The JetCoin Defendants did not employ traders and, in fact, did not trade Bitcoin; and because the guaranteed returns and commission payments were entirely fictitious because those amounts could only be paid to the extent that new customer investments were available to be redistributed to existing customers.

EmpowerCoin and ECoinPlus took in $23.2 million from consumers.

Dwayne Golden, Jatin Patel and Mardy Eger stole over 42% of funds invested into EmpowerCoin and ECoin Plus ($9.86 million).

JetCoin took in $21.7 million.

Golden, Patel, Greg Aggesen (right) and their unnamed accomplice stole over 36% of funds invested into JetCoin ($7.884).

Through this conduct, Defendants were engaged, are engaging, or are about to engage in manipulative and deceptive acts with respect to contracts of sale of a commodity in interstate commerce, in violation of Section 6(c)(1) of the Commodity Exchange Act (the “Act”), as amended, 7 U.S.C. § 9(1) (2018), and Regulation 180.1(a), 17 C.F.R. § 180.1(a)(1)-(3) (2020).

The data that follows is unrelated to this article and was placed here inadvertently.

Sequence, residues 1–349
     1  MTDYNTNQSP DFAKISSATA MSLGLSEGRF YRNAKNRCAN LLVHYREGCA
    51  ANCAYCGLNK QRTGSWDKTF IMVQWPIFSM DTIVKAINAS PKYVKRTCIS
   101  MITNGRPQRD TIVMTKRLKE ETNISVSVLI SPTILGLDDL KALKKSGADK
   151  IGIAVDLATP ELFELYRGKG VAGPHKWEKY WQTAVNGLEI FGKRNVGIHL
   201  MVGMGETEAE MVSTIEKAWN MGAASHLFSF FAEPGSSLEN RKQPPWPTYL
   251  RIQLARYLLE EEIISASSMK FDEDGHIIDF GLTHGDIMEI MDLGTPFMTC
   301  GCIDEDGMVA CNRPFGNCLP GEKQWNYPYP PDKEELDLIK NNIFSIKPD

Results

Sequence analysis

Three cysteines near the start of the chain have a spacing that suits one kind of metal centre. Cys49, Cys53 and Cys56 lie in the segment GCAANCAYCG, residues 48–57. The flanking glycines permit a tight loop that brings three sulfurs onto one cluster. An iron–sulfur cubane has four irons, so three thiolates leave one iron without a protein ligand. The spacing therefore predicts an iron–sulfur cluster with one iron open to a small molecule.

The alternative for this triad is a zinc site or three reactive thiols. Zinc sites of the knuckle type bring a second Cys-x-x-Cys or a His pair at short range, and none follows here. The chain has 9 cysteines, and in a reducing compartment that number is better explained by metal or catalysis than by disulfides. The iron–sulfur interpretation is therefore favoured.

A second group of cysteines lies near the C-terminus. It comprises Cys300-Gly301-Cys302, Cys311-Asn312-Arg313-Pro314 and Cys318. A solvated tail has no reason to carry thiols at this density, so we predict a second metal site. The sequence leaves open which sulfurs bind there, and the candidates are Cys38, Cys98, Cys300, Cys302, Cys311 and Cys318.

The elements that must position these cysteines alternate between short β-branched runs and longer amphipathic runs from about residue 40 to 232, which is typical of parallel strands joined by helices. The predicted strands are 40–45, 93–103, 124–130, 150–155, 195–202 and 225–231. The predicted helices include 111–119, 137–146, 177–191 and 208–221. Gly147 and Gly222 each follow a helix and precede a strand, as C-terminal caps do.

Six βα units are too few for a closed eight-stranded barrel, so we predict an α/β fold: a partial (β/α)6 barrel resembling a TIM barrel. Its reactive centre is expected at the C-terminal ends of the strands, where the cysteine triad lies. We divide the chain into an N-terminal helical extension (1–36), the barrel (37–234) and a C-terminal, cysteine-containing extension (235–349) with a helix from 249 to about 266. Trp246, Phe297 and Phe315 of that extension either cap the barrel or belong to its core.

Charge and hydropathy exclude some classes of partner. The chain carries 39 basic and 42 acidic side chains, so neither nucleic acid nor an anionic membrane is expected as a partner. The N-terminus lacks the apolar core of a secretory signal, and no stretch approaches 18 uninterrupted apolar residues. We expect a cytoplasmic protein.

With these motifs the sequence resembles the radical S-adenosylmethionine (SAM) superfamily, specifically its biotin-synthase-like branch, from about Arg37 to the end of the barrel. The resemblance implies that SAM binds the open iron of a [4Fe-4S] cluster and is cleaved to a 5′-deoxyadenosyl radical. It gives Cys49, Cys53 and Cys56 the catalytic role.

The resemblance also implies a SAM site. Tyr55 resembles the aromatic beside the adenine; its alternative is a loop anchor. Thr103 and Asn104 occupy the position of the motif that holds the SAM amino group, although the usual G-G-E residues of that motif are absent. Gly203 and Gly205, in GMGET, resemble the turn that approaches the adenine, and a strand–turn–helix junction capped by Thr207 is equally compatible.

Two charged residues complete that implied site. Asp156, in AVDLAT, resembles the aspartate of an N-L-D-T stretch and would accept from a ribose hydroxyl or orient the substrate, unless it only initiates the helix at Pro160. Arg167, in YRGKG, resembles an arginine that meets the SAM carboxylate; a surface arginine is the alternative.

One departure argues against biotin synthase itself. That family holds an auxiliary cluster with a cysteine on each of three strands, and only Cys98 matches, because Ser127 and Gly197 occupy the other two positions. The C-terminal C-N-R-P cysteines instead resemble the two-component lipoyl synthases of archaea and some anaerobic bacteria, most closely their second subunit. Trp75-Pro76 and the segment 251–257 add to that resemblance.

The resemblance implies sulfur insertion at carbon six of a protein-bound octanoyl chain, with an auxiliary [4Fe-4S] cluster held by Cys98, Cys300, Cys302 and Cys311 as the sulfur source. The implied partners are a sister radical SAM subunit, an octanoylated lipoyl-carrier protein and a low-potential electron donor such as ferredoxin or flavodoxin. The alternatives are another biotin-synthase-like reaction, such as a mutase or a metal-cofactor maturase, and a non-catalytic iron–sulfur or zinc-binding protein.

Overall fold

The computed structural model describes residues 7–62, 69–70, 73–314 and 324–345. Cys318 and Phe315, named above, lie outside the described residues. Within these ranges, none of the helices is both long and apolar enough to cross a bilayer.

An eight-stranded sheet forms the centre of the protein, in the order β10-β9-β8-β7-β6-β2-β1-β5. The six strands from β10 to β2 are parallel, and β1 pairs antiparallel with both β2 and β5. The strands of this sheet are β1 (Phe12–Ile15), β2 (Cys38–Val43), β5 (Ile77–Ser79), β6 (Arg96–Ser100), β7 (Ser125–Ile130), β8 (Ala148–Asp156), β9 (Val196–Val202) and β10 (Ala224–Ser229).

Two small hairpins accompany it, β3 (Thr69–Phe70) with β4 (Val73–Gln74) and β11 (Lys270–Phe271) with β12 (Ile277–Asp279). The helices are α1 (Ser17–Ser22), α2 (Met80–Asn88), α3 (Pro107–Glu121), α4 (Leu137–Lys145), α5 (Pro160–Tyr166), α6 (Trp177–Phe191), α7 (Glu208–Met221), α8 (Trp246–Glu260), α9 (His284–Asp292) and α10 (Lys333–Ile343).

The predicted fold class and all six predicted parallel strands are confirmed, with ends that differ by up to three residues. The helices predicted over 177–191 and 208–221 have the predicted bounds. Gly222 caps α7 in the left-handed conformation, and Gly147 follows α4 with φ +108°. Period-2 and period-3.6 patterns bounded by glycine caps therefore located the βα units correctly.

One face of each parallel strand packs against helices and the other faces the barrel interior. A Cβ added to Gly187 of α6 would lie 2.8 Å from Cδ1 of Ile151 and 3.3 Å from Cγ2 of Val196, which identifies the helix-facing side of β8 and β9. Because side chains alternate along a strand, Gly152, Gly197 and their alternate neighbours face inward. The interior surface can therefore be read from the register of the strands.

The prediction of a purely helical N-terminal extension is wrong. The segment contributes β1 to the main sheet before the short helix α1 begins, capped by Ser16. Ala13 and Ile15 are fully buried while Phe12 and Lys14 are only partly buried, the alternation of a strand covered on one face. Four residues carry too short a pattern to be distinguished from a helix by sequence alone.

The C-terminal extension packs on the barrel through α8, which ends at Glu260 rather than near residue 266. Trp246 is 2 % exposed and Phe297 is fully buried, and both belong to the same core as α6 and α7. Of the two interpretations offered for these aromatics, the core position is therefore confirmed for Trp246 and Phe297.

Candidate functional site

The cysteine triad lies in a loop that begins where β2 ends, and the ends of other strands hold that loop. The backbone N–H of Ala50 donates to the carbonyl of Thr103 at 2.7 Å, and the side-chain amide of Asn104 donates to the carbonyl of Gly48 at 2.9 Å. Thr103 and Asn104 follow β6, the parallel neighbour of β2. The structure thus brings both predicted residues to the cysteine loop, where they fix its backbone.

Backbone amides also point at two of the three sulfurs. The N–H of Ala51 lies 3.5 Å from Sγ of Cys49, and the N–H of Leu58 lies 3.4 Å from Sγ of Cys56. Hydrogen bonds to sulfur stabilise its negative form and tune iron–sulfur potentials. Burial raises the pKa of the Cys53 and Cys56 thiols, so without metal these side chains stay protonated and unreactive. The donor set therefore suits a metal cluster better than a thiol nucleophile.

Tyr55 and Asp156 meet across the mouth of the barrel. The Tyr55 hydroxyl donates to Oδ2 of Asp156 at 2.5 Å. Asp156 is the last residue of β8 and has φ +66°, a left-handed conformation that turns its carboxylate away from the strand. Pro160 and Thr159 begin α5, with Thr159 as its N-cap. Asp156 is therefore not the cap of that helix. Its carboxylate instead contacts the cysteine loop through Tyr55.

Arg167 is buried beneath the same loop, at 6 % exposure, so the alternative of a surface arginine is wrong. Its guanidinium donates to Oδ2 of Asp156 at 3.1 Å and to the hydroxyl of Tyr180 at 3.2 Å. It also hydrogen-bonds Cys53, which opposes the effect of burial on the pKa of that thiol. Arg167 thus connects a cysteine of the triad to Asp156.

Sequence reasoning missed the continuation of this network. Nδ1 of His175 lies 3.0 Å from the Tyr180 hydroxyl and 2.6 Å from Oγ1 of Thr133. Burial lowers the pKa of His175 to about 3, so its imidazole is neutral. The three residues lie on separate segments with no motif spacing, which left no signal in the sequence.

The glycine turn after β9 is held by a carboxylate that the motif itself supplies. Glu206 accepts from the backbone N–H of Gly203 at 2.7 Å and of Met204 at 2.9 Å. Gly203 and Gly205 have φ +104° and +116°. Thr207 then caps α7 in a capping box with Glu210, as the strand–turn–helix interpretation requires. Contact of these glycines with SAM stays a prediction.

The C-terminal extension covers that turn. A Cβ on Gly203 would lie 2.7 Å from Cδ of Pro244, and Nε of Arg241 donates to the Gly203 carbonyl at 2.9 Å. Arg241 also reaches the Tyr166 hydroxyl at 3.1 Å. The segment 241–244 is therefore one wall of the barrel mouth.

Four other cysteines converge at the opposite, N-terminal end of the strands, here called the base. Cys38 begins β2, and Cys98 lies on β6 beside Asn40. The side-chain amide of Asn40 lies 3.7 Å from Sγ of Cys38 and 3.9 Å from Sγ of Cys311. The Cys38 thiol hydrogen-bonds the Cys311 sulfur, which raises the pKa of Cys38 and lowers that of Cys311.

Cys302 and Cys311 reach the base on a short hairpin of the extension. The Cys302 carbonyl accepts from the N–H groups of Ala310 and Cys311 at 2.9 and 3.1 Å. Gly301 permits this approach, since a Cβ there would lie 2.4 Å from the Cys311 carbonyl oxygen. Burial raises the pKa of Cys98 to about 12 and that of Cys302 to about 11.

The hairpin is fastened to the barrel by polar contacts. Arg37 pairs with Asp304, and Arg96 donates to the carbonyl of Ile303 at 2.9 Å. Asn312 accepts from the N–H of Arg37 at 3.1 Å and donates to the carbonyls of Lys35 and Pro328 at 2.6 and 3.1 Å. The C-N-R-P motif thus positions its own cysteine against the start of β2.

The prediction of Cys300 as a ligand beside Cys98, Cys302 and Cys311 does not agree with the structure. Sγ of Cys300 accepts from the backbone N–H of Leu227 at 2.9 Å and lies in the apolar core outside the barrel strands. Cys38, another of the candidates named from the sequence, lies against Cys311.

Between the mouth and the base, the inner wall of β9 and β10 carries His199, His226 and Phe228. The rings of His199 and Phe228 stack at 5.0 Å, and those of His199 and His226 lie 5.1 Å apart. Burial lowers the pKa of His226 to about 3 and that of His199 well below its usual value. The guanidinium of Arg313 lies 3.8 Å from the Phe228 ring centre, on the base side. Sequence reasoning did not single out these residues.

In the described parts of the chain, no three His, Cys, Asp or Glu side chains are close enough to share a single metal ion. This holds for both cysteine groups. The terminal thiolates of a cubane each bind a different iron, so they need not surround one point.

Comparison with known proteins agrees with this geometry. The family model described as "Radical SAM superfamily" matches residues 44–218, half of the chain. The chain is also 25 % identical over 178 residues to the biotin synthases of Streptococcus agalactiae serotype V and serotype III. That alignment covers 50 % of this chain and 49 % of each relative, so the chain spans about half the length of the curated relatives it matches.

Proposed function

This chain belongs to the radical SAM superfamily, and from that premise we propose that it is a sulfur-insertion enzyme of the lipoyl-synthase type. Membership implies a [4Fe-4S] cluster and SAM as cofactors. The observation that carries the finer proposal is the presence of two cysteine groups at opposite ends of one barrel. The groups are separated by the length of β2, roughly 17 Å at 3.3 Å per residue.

Internal communications presented by the CFTC demonstrate the defendants were aware they were running scams.

In on May 2017 voice message (the recipient isn’t disclosed), Golden stated EmpowerCoin

could not continue operating as it had because he had already “shifted a lot of the money into other programs”, which meant they could not continue to pay commissions as guaranteed.

In response to this, Patel suggested he and Golden

only take money for themselves from newly invested bitcoin as a way to keep the scheme going, noting that the bitcoin in the system was the “lowest so far since we started” and that they had each made more than half a million dollars at that point.

Later that same day Patel alternatively suggested they and Eger (right)

begin “paying” themselves their misappropriated shares of customer bitcoin investments on “profit” rather than on “gross – that is, to take their shares after making Ponzi payments to other customers instead of before doing so – in an effort to keep the operation running longer.